Face The Music!

“The treasure chest of unheard and under appreciated bands must surely be running dry, what with us coming close to two full decades of CD-Age vault-plundering and with multitudes of internet sites cratedigging for the next forgotten masterpiece. So rather than continuing to look for those artists that sold 11 copies of their wildly influential debut record before imploding, perhaps we should be re-appraising bands that have been right under our nose all the time, almost annoyingly so.”

YES YES YES YES! This is one of those rare occasions when I actually can agree to agree with something a Pitchfork.com staffer says in an article.

Way back in days of old you had to rely on friends and some very hip music magazines (read: NOT Rolling Stone, SPIN, etc.) to discover a forgotten gem. Nowadays, of course, with record companies scrambling to keep afloat by re-releasing every album in their roster by giving even the most obscure and undeserving record the “DELUXE” treatment and, of course, the internet, most of the really great forgotten bands are no longer the domain of the terminally hip. Everyone and my grandmother has a copy of Television’s Marquee Moon nowadays. It doesn’t make it any less great, ‘cause it certainly is, it just makes it a little less…special.

Now the only ‘hip’ thing to do is to find and champion an ‘un-hip’ band which will, of course, make said band ‘hip’. Right? I’ve kind of been doing that, albeit a little under the radar, and subconsciously for the most part, all my life. Now I’m not talking about bands like Big Star, VU or The Zombies. They’ve been recognized and championed for decades now. One band I can think of off the top of my head that deserves this kind of positive reassessment is the Electric Light Orchestra.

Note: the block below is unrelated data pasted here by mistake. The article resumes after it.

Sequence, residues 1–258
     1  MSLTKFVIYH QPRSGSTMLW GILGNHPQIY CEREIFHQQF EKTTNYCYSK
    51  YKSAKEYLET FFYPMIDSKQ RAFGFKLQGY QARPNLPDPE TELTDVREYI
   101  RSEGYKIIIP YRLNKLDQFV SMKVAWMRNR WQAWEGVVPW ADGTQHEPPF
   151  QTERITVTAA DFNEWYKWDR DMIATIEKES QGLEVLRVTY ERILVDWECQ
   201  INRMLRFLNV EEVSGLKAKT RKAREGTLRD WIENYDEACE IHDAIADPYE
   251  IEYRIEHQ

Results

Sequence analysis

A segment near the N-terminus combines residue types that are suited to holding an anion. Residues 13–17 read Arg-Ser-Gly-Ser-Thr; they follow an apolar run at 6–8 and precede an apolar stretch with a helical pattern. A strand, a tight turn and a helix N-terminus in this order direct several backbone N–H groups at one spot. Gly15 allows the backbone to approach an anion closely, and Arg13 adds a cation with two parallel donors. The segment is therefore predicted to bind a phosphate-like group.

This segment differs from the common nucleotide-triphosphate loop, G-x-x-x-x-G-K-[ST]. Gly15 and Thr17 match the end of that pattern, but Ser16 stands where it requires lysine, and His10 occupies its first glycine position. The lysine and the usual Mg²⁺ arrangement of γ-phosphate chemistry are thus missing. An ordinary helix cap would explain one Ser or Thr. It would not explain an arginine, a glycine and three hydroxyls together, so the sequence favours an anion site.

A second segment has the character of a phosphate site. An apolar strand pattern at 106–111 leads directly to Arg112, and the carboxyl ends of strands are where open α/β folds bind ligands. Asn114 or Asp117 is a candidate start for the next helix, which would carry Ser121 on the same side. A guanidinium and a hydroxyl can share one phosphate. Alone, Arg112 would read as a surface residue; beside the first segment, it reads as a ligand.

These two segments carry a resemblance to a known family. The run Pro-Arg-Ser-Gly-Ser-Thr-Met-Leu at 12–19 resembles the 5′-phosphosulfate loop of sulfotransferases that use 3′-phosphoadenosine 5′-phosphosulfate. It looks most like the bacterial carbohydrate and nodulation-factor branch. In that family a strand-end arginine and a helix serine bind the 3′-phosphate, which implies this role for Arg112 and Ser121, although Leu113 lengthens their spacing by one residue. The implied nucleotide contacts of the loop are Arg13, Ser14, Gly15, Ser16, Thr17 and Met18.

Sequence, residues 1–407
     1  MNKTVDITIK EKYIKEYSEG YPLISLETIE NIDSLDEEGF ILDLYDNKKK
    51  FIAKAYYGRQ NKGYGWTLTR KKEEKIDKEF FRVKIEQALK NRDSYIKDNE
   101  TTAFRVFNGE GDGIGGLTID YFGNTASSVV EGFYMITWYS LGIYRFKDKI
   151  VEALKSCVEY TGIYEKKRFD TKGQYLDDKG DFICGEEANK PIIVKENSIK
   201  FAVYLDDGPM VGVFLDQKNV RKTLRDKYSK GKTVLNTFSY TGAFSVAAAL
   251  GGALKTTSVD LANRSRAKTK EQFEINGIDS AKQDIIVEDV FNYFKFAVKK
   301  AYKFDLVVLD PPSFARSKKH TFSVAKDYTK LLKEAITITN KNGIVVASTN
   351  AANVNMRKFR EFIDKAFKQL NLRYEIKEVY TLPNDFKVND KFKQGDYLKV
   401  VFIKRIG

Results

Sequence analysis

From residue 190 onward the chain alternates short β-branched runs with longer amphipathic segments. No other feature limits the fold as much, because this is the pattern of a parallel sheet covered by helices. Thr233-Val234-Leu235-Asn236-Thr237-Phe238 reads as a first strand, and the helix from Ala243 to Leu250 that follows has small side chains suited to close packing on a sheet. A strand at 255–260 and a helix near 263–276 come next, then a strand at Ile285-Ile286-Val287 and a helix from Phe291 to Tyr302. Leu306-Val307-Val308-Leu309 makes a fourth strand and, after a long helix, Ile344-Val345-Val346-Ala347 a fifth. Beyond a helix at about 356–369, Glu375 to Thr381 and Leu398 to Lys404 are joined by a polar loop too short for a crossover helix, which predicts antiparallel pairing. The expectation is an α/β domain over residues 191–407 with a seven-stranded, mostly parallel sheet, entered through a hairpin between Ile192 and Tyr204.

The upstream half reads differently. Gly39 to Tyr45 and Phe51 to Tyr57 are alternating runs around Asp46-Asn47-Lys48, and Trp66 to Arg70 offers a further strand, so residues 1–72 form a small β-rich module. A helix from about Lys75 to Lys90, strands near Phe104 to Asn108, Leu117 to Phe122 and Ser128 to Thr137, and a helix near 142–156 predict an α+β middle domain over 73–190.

Of course filmmakers such as Charlie Kaufman and Paul Anderson have tried to help by including some ELO songs in some key moments in some of their key movies, but that kind of publicity only lasts until the Oscars.

Jeff Lynne embraced disco before disco was even a genre. His incorporation of classical strings with rock and roll beats became the cornerstone of ‘70’s dance music, as a matter of pure fact. And while bands like the Rolling Stones stuck a frightened collective toe into the disco pool and promptly decided the waters were too cold and dangerous to swim in (Miss You, Emotional Rescue), ELO dove in head first, because that’s what they’d always done.

The difference between most disco hits of the ‘70’s and Lynne’s output was Lynne’s absolute devotion and obsession with the Beatles, particularly their psychedelic period and particularly Magical Mystery Tour. There’s that, then there’s the fact that Lynne was a freakishly talented pop song writer. When I think of the decadent ‘70’s I think of 2 bands: ELO and the Bee Gees. I don’t think any other band summed up the cocaine decadence of the decade better than these guys. Well, maybe Fleetwood Mac, now that I think about it.

When you sit down and think about the amount of songs that have been assimilated into your rock DNA that were written by Lynne, well, it’s just staggering. Can’t Get It Out Of My Head, Mr Blue Sky, Evil Woman, Don’t Bring Me Down, Turn To Stone, Strange Magic, Do Ya?, Telephone Line, Sweet Talkin’ Woman, the list just goes on and on and on and freakin’ on. ELO has had a tremendous impact on modern alternative music and it’s time we gave them their due.

The albums, while spotty, are pretty great, and here’s how I’d rank the best of ‘em:

#1. A New World Record (1976)

#2. Out Of The Blue (1977)

#3. Face The Music (1975)

#4. Eldorado (1974)

#5. Discovery (1979)

#6. Time (1981)

Or, if you’re a ‘greatest hits’ kind of a guy/gal, then go with this:

Other bands that need and deserve the Hipster Bump: Alan Parsons Project, Supertramp, Elton John, Thomas Dolby, OMD, Frankie Goes To Hollywood, 10cc, Steve Miller, Boz Scaggs, The Cars, AC/DC.